Leonard Maltin's Short Film Showcase also includes The Black Network (1936), featuring one of the early silver screen appearances by the incredible Nicholas Brothers. This is just one of many Vitaphone mini-musicals directed by Roy Mack before he started making Soundies in the 1940's.
In The Black Network, the Nicholas Brothers sing "Lucky Number" and show off their near beyond-belief terpsichorean skills. For more info, check out the Fayard Nicholas website and the entry on The Black Network on the Department of Afro American Research, Arts, and Culture.
Vitaphone also made 2-reel comedies in the 1930's - and two are included in Leonard Maltin's Short Film Showcase.
In this writer's opinion, by far the funniest of the "Big V Comedies" are the talkie "comeback" shorts starring Roscoe "Fatty" Arbuckle.
In Buzzin' Around (1933), the "Prince of Whales" plays a homespun inventor who has developed a substance which keeps china from breaking - at least until a swarm of angry bees and much resultant mayhem intervene. Arbuckle's acrobatic Sennett Comedies and Comique Productions co-star (and nephew) Al St. John and the equally amazing Pete the Pup from Our Gang co-star.
The second Vitaphone comedy short is Ralph Staub's pie-throwing homage to Mack Sennett's silent slapstick comedies, Keystone Hotel (1935). Former Sennett luminaries Ben Turpin, Ford Sterling, Marie Prevost, Hank Mann, Chester Conklin and the Keystone Kops star. Unfortunately, Keystone Comedies stalwart Mack "Ambrose" Swain passed in August 1935 and Roscoe Arbuckle, who would have fit right in and thrown pies with gusto and precision, passed after finishing shooting the last of his six Vitaphone 2-reelers on June 29, 1933.
Not surprisingly, given Mr. Maltin's writings in The Great Movie Shorts and The Great Movie Comedians, there are many films among the 36 chosen produced by Hal Roach in the Short Film Showcase.
There will be a bunch of films starring the great movie comedian who, in addition to Stan Laurel & Oliver Hardy, gets the biggest belly laughs from the crew at Way Too Damn Lazy To Write A Blog, Charley Chase a.k.a Charles Parrott. The lineup will include Whispering Whoopee (1930), Girl Shock (1930), The Pip From Pittsburg (1931), His Silent Racket (1933), Fallen Arches (1933), The Chases of Pimple Street (1934) and Four Parts (1934).
In Four Parts, Charley plays adult quadruplets - a traffic cop, a bus conductor, a taxi driver and a physician - all living under the same roof. He also sings "Auntie's Got Ants In Her Pantry."
Notable in the mix: our favorite of The Charley Chase Talkies here at Way Too Damn Lazy To Write A Blog, The Pip From Pittsburg (1931), the closest Mr. Chase got to replicating the blazing comedy brilliance of his 1924-1926 work, in collaboration with director Leo McCarey, in sound films.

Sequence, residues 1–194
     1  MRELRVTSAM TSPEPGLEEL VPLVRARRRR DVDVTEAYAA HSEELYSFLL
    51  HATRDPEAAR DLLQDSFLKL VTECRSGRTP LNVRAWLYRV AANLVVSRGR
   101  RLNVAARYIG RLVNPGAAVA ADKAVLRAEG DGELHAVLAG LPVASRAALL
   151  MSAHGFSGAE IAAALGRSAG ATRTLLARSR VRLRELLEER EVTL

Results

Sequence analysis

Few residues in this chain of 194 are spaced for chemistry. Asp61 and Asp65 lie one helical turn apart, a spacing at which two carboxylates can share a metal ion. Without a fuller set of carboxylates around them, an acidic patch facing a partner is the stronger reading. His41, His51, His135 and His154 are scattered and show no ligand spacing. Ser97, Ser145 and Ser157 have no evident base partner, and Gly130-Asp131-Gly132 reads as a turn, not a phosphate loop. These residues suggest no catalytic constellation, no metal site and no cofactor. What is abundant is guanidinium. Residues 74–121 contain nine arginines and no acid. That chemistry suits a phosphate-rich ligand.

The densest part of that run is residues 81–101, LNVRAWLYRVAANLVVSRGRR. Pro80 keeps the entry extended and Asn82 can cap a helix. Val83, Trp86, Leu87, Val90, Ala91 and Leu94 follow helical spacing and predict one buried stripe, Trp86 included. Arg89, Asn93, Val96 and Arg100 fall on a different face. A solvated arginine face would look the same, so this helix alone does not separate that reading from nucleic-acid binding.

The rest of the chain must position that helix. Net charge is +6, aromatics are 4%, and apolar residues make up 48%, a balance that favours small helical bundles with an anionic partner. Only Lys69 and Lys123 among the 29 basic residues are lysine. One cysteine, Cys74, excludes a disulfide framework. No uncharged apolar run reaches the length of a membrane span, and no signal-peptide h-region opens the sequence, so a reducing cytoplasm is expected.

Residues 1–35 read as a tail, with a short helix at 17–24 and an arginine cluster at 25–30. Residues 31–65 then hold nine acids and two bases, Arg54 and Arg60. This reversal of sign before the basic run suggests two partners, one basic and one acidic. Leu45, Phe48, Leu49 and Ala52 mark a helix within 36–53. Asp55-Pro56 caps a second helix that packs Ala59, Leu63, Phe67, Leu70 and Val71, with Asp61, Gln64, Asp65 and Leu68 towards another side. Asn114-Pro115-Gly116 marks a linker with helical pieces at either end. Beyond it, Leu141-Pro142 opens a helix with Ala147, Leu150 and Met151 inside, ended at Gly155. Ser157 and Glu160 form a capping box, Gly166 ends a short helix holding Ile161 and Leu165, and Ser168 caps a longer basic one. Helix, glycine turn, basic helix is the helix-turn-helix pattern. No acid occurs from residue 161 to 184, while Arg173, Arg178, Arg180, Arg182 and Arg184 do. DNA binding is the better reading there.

After Thelma and Charley made a wonderful team and worked beautifully together in The Pip From Pittsburg and other short subjects, producer Hal Roach spun Thelma off into her own series. He had been experimenting with female comedy teams for awhile, having teamed comediennes Anita Garvin and Marion "Peanuts" Byron in the silent 2-reelers A Pair Of Tights, Feed 'Em And Weep and Going Ga-Ga, so Thelma was teamed with character actress and comedienne ZaSu Pitts.
The team headlined 17 short subjects, two of which, Asleep in the Feet (1933) and The Bargain of the Century, get the spotlight in the Thelma Todd & Friends segment. The latter, directed and written by Charley Chase, is a brilliant comedy, spotlighting the relationship between ZaSu and Thelma while expressing the duo's character acting mojo.
Patsy Kelly succeeded ZaSu Pitts as Thelma's teammate and foil in 1933, and they would co-star in 21 comedy shorts. One of the very best in this series, Top Flat (1935), will be on the program.
Lesser known Lot Of Fun series are also represented. The Boyfriends comedies were director George Stevens' teenage variation on "Hal Roach's Rascals," featuring the silent era cornerstones of Our Gang, Mary Kornman and Mickey Daniels, as well as the equally prolific silent movie child actress Gertrude Messinger, the future director of Our Gang comedies and Robin & The 7 Hoods Gordon Douglas, and soon to be super-stuntman David Sharpe. Doing much of the comedy heavy lifting throughout the 1930-1932 series: the wonderfully goofy comedian Grady Sutton, known for his stellar work with W.C. Fields. Four entries from The Boyfriends series Air-Tight, Call A Cop, You're Telling Me and Too Many Women will be seen.
Also on hand will be a cross-section further comedy favorites noted at length in The Great Movie Shorts, including Robert Benchley short subjects (How To Sleep, A Night At The Movies), Pete Smith Specialties (the Oscar-nominated Movie Pests) and the musical comedy Apples To You! starring Billy Gilbert as "Pinsky," a flamboyant burlesque impresario hired to add a bit of excitement to a lackluster production of The Barber of Seville.
Bringing the Short Subjects spotlight into the post-World War II era will be two hilarious examples of the Joe McDoakes series, directed by the one, the only Richard L. Bare for Warner Brothers.
George O'Hanlon, known to comedy and animated cartoon fans as the voice of George Jetson, stars as wiseguy regular guy Joe McDoakes. So You Want To Be a Detective (1948) and So You Want to Play the Piano (1956) demonstrate how the Joe McDoakes one-reelers rank among the most consistently funny of movie shorts.